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Talen Horton-Tucker has been cleared for practice. What steps are left before he’s back on the court?

THT has been out for nearly a month following surgery on a thumb tendon. How much longer until he sees game action?

Memphis Grizzlies v Los Angeles Lakers Photo by Jim Poorten/NBAE via Getty Images

Lakers promising young wing Talen Horton-Tucker has been sidelined for the Lakers’ tumultuous start to the season following preseason surgery to repair a tendon in his thumb. It was a real blow to the team, and one could make the argument that Horton-Tucker’s absence is one of the key reasons for the rocky beginning, especially when stacked on top of other injuries to Kendrick Nunn and Trevor Ariza along with anticipated growing pains.

But Horton-Tucker had the surgery approximately 30 days ago, and following a medical re-evaluation two days ago (four weeks post surgery), he got the all clear for contact and to return to practice. However, that doesn’t mean he’ll be fast tracked for a return to games. The Lakers are yet to give a definite timeline on his return, and Lakers head coach Frank Vogel was coy about when we can expect to see him on the floor.

“We’ll see. We’re going to have a period where we have to work him back in. That’s always an adjustment period when a guy has been out for a period of time. But he’s definitely one of our rotation players,” Vogel said earlier this week. “We’ll see how that goes when we bring him back.”

That naturally brings us to a question: What steps and progressions are left for Horton-Tucker to clear on his return to play process, what do those look like, and even though the Lakers haven’t given a timeline, is there any inkling of when he could return based on the physio and training staff’s normal practices?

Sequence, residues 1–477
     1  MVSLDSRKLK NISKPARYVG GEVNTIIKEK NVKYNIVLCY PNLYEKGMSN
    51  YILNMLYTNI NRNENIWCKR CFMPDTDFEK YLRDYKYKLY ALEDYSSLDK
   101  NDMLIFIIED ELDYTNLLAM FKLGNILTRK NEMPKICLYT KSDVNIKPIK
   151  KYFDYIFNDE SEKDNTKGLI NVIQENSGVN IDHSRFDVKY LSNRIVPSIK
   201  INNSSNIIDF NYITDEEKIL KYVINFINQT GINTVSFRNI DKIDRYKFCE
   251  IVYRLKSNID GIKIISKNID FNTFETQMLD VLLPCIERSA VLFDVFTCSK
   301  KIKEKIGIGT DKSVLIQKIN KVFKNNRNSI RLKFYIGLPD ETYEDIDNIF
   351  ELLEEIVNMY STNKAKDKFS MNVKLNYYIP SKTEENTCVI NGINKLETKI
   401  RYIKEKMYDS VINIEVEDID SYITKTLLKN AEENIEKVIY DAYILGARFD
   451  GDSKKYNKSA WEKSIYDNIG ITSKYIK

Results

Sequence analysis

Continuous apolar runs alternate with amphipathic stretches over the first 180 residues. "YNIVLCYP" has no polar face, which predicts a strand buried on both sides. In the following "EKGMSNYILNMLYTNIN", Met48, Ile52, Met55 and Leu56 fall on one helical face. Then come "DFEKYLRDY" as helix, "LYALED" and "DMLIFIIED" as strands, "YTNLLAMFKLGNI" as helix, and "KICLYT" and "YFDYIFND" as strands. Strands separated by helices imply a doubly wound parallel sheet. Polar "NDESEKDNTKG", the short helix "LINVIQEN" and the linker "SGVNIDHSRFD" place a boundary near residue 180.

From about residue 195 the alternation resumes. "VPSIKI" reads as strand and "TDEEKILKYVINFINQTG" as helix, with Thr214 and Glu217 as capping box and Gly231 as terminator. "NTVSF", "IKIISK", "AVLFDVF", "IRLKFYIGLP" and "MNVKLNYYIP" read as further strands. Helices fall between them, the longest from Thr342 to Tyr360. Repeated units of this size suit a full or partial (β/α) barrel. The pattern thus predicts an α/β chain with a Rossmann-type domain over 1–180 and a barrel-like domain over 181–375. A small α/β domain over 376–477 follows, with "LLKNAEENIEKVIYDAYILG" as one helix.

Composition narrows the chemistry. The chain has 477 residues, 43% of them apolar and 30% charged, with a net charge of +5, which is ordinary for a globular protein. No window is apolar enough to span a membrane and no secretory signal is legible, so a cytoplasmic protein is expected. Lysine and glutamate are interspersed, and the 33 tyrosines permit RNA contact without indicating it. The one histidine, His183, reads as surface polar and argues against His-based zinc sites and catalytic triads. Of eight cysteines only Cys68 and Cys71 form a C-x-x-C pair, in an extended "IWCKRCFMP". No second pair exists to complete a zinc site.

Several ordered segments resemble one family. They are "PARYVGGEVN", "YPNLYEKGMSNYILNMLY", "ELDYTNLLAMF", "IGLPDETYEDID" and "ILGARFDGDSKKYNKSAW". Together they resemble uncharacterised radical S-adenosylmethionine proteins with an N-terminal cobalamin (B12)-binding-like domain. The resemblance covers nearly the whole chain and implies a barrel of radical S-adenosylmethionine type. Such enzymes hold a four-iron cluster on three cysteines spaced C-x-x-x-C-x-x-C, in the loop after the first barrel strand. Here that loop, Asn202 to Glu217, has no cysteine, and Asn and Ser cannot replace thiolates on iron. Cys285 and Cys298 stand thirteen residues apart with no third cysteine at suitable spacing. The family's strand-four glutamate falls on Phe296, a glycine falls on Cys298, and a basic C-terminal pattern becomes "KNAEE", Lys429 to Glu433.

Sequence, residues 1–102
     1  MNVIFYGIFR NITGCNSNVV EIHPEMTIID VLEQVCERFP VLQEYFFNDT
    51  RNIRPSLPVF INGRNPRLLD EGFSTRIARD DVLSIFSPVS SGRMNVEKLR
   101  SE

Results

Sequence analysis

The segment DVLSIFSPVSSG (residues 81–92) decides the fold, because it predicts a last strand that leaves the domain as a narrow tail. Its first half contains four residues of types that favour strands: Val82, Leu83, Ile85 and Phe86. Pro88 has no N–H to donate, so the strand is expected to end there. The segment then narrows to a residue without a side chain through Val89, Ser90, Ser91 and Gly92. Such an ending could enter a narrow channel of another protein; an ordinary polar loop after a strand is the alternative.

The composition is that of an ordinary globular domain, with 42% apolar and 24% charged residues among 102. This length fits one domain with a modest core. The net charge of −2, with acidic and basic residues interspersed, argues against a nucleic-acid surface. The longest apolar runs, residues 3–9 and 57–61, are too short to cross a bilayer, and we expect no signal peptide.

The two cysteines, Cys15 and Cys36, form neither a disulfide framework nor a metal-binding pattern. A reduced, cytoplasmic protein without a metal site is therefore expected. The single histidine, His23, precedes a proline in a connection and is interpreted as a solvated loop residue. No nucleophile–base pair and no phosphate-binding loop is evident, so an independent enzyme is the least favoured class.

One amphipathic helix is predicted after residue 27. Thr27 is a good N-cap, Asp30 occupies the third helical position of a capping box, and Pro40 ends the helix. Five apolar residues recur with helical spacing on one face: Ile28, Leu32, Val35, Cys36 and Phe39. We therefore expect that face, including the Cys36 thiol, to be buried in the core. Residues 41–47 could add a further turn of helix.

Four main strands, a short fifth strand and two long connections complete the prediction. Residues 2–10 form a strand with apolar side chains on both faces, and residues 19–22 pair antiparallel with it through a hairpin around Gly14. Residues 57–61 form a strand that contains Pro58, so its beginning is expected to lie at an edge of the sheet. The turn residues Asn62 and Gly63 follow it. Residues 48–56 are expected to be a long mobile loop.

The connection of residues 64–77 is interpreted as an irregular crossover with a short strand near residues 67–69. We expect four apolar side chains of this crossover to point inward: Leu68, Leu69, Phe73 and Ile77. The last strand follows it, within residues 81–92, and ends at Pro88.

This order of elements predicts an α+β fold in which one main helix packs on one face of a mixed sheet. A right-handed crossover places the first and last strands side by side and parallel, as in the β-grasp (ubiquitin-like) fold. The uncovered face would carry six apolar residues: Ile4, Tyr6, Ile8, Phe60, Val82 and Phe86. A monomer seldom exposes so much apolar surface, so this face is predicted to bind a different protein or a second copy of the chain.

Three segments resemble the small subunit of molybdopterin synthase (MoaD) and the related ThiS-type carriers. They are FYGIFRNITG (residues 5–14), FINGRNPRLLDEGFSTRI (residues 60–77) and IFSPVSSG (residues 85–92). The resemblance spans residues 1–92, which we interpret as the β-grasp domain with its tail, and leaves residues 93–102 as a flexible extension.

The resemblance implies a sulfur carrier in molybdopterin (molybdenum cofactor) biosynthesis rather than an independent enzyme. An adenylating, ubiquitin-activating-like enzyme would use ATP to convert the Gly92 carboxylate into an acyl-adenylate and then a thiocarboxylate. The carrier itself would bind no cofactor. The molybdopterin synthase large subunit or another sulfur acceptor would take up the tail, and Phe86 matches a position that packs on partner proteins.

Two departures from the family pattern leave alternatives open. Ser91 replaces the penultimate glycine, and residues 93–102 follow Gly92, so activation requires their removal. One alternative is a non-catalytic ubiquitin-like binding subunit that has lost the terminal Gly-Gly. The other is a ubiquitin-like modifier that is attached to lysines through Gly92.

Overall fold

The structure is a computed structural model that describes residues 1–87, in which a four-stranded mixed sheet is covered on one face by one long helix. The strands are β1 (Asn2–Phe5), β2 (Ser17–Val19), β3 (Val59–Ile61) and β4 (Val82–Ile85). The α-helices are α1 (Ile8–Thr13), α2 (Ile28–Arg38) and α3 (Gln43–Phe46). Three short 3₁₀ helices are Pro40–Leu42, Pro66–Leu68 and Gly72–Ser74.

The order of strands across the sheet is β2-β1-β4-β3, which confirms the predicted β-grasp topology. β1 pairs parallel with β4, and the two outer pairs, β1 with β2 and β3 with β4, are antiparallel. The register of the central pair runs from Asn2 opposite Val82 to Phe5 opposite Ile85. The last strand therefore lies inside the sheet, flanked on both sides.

I explained that and more in the following video:

I’d be surprised if the Lakers give a timeline at any point. It’s more likely they’ll simply continue to list Horton-Tucker as “out” and then upgrade his status to “questionable” or “probable” once he’s cleared for game action. In the mean time, you can follow along with his progress by cross-referencing the latest practice updates and clips on him with the continuum outlined in the video.

Dr. Rajpal Brar, DPT has a doctorate in physical therapy from Northern Arizona University, and runs his own in-person and online sports medicine and performance business, 3CB Performance, in West LA and Valencia, CA in which he further combines his movement expertise and fitness training. He also works at a hospital — giving him experience with patients in the immediate healthcare setting and neurological patients (post stroke, post brain injury) — and has been practicing for 4 years. Brar is additionally training at UCLA’s mindful awareness research center (MARC), has a background in youth basketball coaching and analyzes the Lakers from a medical and skills perspective for Silver Screen and Roll and on his own YouTube Channel. You can follow him on Twitter at @3cbPerformance.

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